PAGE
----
“Corporations have no friends. They have employees. Employees who are paid to blindly care about their company and what it is about. At Kanon, we are a group of people who have built a product on passion. From the farmers who grow the local organic wheat we use, to our distillery; Sweden’s only sustainable and one of the few conscious distilleries on Earth. We are working together to make a product that we are all proud of and that even in some small way, improves the world. This same attitude is carried out with how we spread our message. We want to work with friends not employees. Friends who are also passionate about what they do. These “Friends Of Kanon” share our passion for making great things, changing the world, saving the planet, entertaining each other and creating beautiful moments.”
If you managed to read everything, you’re probably thinking the same as me: »Is this real? Does that kind of companies really exist or is this some corporate bulls**t?
Kanon Organic Vodka is produced in Gripsholm Distillery in Åkers Styckebruk, some 70 kilometers (43 miles) west of Stockholm, Sweden. It was built in 1580 and around 1770 it was one of the biggest distilleries in Sweden, with a yearly production of more than one million liters of vodka and with 300 employees. Because of a new state alcohol monopoly the distillery was then closed for 200 years, only to be rebuilt in 2008 with the production capacity of 10,000 bottles per day.
You probably know that the biggest and most famous Swedish distillery is Absolut Vodka. It was established in 1879, but sold to Pernod Ricard in 2008. According to Wikipedia Absolut is the third largest brand of alcoholic spirits in the world after Bacardi and Smirnoff, and is sold in 126 countries. In 2008 they produced 96.6 million liters of vodka.
So, what did Kanon Organic Vodka do to stand out from the crowded spirits market? At the beginning they were oriented towards fashion industry and sponsored a series of fashion events and fashion dinner parties for fashion people. Kanon has become some sort of sponsor of the young, hip fashion crowd. They somehow moved away from being strictly a liquor company and Peter Wijk, USA President of Kanon, admitted that it all happened “organically.”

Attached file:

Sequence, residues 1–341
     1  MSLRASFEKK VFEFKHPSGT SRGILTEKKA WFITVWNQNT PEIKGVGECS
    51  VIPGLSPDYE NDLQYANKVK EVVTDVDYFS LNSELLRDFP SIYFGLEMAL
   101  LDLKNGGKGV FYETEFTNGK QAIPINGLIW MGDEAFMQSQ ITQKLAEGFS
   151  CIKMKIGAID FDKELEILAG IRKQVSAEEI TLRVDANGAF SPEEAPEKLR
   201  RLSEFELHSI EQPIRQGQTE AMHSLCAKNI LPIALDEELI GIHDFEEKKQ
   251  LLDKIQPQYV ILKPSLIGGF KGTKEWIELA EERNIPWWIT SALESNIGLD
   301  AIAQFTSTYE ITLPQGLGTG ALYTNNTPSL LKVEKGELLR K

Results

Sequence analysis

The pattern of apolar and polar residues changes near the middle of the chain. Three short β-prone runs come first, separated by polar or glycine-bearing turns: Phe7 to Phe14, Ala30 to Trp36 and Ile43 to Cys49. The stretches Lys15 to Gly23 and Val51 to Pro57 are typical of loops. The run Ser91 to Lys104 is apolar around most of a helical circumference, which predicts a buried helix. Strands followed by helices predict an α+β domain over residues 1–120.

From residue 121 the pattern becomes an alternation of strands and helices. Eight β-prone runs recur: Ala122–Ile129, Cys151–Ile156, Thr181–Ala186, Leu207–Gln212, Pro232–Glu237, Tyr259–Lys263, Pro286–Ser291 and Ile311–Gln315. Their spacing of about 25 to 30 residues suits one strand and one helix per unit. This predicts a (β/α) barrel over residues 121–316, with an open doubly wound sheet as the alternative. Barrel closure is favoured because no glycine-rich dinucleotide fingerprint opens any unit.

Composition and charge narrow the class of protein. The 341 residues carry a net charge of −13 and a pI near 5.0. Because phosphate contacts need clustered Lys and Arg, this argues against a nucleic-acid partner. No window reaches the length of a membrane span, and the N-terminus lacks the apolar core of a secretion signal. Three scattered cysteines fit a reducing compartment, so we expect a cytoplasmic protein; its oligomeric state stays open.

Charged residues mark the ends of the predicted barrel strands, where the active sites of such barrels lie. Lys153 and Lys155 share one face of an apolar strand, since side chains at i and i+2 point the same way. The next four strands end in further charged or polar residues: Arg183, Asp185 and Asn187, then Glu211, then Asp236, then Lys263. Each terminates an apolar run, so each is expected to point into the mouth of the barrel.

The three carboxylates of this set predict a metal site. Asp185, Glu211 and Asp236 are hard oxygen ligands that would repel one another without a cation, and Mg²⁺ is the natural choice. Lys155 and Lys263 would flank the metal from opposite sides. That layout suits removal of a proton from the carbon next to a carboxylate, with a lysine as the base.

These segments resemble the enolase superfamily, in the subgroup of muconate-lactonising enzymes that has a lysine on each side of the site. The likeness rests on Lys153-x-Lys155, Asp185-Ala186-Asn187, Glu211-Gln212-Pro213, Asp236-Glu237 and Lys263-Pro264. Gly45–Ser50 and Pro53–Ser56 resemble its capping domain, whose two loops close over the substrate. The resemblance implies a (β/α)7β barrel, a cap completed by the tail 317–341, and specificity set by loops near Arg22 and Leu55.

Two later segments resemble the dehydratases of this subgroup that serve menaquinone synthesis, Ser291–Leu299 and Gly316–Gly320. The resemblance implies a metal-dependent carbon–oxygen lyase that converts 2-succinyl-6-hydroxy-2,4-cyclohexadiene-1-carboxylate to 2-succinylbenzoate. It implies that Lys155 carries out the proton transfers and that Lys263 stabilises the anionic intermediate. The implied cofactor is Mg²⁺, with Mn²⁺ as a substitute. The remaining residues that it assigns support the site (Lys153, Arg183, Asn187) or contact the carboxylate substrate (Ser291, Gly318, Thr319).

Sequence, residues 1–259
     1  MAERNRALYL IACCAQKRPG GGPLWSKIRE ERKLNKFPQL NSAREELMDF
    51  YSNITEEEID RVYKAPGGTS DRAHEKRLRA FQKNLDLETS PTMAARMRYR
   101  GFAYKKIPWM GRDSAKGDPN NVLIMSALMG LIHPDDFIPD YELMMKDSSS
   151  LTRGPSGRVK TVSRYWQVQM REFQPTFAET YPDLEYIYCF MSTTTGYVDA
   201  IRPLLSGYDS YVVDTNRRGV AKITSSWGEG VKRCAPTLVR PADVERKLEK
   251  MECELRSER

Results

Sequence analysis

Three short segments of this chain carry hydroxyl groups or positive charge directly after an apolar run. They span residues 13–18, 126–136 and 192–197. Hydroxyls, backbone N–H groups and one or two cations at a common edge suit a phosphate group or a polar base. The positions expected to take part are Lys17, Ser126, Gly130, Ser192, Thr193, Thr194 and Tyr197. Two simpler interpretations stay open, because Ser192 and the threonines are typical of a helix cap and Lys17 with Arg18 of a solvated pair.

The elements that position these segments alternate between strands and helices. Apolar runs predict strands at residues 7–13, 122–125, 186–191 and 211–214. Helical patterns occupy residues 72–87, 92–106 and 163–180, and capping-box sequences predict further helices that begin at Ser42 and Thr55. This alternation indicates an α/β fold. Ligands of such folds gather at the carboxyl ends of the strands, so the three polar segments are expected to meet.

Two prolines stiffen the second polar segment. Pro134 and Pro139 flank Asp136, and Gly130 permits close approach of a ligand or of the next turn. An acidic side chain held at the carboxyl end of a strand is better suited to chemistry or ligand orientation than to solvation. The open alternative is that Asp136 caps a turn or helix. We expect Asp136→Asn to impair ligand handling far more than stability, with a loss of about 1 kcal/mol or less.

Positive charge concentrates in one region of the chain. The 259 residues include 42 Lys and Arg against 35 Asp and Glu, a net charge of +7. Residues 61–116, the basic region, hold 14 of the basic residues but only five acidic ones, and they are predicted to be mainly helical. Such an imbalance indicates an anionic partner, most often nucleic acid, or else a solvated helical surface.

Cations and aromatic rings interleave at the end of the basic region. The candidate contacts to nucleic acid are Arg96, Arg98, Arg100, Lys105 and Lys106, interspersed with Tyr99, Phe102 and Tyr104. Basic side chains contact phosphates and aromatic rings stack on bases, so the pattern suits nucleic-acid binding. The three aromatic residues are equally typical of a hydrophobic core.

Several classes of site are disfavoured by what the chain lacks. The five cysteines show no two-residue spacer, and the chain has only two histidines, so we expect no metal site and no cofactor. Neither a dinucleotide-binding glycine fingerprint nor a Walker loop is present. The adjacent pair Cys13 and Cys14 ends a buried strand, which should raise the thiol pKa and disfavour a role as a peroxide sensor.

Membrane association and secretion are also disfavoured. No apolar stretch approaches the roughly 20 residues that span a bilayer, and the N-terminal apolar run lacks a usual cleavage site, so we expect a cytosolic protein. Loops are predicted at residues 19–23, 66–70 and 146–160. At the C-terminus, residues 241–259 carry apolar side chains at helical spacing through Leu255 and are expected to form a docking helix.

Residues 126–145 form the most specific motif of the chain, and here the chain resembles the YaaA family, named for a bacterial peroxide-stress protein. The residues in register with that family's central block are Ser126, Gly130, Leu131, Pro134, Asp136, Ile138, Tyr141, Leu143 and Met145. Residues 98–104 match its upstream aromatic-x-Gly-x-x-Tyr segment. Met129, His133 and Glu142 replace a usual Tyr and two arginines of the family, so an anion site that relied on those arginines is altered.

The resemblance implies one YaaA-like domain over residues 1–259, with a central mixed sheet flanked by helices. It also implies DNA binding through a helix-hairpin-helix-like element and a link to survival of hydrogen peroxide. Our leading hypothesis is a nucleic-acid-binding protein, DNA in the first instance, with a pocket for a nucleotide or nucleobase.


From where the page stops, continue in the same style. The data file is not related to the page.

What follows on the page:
Their invasion in US fashion began in 2010 when they organized a party at Coachella music festival together with American fashion designer Chrissie Miller and her brand Sophomore. That party started the Friends Of Kanon project also known as FOK. Peter Wijk explained that after that party Kanon began collaborating with people who shared their passion for what they do and fashion was just a natural choice.
Kanon’s main focus is of course building brand awareness and making their products more available. I’ve made one simple and short survey among my colleagues. I’ve asked them to name 5 Swedish pop stars and 5 Swedish brands. Here are the results from my mini survey:
As you could expected no one mentioned Kanon, however for one person the top of mind answer was Absolut. Kanon has some very powerful competitors so it must be extra creative if it wants to become an important or distinguished player in the spirits market.
Friends of Kanon (FOK) project is a step in the right direction. Currently there are 71 friends of Kanon. Probably the most famous are: the aforementioned Chrissie Miller, British actor sir Ben Kingsley, Swedish pop star Lykke Li, photographer Yvan Rodic also known as the Facehunter, fashion designer Alexander Wang, singer in the band Little Joy Binki Shapiro and many more. You can check other members of FOK family on Kanon’s official web page.
For me this project is interesting because I’m a fan of Lykke Li and was curious if Kanon would also use product placement as a promotional tool. As far as I know they only put one bottle of vodka in Lykke Li’s video Sadness is a Blessing. I’ve asked Kanon via Twitter if they used product placement anywhere else, but haven’t got any reply (yet).
In the recent months and years, some of the biggest and most aggressive brands of spirits used product placement as an important piece of their promotion. The first brand that comes to mind is Pitbull’s brand Voli, which appeared in several of his videos and sometimes looked like a forced placement.
However, it looks like that Kanon chose a different, albeit less direct route to its (potential) customers. But that route is much more positive and much more interesting. Thumbs up!